Orangutan Tropical Peatland Project 2014

OuTrop works in the Sabangau Forest in southern Borneo, which is home to the world’s largest orangutan population. We’ve been working to help protect this population since 1999 through on-the-ground conservation efforts and scientific research to help understand how effective orangutan conservation can be best achieved.

Our Orangutan Behaviour Project is an essential component of this effort and we have just achieved a major milestone: collecting over 20,000 hours of orangutan behaviour data! This has taken nearly 11 years and the combined efforts of nearly a hundred local and international researchers to compile.

These data provide important information on orangutan activity patterns, feeding ecology and energetics, health and parasites, ranging and dispersal, social and cultural behaviours, and life history. This helps us understand both how orangutans survive in the forest and how human activities impact their populations.

Twentino Fritsman, a local OuTrop researcher who collected the 20,000th hour of data, says: “It has been a privilege to spend so much time following these special animals. Over 10 years I’ve been lucky enough to watch some orangutans go from infanthood through to full adulthood. But most exciting is making sure we have the knowledge to help save them”.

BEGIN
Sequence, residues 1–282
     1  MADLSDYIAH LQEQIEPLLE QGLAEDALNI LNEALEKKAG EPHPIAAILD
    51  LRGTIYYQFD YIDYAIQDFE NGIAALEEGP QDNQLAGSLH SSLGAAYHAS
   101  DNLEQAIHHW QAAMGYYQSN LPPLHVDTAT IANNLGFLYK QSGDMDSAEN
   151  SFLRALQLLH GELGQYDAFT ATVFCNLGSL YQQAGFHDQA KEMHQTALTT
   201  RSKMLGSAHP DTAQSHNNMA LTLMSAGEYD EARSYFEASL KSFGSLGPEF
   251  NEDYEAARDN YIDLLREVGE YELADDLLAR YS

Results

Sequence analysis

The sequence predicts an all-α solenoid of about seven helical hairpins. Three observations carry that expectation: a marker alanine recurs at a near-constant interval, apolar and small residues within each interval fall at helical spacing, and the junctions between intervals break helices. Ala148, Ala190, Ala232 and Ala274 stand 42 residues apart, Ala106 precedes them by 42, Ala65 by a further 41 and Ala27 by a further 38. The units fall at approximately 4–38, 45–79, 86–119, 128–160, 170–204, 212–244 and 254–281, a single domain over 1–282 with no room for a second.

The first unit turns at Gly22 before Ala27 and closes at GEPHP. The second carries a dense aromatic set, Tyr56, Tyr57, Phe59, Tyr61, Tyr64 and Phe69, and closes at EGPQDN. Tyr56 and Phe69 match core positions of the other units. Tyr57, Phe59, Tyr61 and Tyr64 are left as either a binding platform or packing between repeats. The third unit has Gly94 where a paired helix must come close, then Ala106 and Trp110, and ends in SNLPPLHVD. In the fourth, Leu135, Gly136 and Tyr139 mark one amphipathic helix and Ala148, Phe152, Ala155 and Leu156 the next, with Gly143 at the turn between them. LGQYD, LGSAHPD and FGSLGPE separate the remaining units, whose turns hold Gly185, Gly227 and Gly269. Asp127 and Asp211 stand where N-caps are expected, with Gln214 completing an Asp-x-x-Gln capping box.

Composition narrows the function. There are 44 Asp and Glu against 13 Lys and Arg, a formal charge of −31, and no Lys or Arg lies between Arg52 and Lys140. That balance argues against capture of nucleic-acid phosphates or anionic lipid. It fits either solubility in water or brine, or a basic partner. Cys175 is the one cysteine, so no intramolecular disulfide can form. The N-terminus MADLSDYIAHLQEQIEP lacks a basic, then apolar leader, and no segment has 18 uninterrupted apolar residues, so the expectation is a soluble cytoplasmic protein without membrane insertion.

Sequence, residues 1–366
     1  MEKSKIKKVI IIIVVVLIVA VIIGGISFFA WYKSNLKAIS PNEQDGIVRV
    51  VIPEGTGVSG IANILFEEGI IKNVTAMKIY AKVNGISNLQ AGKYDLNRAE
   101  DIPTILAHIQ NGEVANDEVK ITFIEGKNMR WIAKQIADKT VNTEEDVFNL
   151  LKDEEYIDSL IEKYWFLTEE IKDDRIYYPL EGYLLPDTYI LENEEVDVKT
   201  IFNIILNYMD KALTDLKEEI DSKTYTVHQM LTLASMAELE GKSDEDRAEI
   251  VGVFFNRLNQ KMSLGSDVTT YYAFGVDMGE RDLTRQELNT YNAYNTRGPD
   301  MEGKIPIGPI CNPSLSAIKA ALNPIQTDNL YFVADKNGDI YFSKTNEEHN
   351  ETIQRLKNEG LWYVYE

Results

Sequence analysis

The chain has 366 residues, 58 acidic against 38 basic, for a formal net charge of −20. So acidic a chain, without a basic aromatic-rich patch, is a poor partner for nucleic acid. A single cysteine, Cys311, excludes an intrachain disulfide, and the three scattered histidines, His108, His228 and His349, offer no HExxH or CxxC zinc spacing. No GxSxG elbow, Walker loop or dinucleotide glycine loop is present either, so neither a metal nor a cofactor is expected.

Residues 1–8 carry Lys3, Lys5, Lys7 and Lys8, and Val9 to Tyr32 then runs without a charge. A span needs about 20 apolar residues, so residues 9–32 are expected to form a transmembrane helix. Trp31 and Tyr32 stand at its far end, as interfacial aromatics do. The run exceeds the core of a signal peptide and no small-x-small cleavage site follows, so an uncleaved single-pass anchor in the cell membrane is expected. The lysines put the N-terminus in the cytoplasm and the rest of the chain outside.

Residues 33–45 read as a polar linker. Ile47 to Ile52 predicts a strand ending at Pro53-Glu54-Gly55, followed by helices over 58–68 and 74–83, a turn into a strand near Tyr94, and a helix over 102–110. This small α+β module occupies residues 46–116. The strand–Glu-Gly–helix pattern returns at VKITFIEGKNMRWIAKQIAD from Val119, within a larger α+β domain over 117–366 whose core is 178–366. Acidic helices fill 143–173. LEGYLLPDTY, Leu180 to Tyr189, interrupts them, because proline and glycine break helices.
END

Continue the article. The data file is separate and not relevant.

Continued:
Based on this understanding, it is clear that the major current threat to Sabangau’s orangutans is peat swamp drainage by old illegal-logging canals and subsequent forest fire. We’re working together with the local Community Patrol Team to help prevent fires by restoring flooded swamp conditions.

Although water levels at the time of writing remain high in the forest, this situation could change rapidly and so complacency is not an option. In particular, the chances of an El Niño event occurring this year are 65% which is very worrying.

We have therefore been concentrating our efforts on fire prevention through attempting to block the old illegal logging canals through dam construction. Two large dams have already been built at the mouth of a canal and construction of another 26 dams is underway. This work is vital, as drained swamps are vulnerable to fire.

We are also ensuring that the fire-fighting team are properly equipped and prepared to fight any fires. We are extremely grateful to Orangutan Appeal UK for their much needed support and funding of our Fire Teams and our combined efforts make sure that Sabangau is a safer place for the orangutan population that calls it home.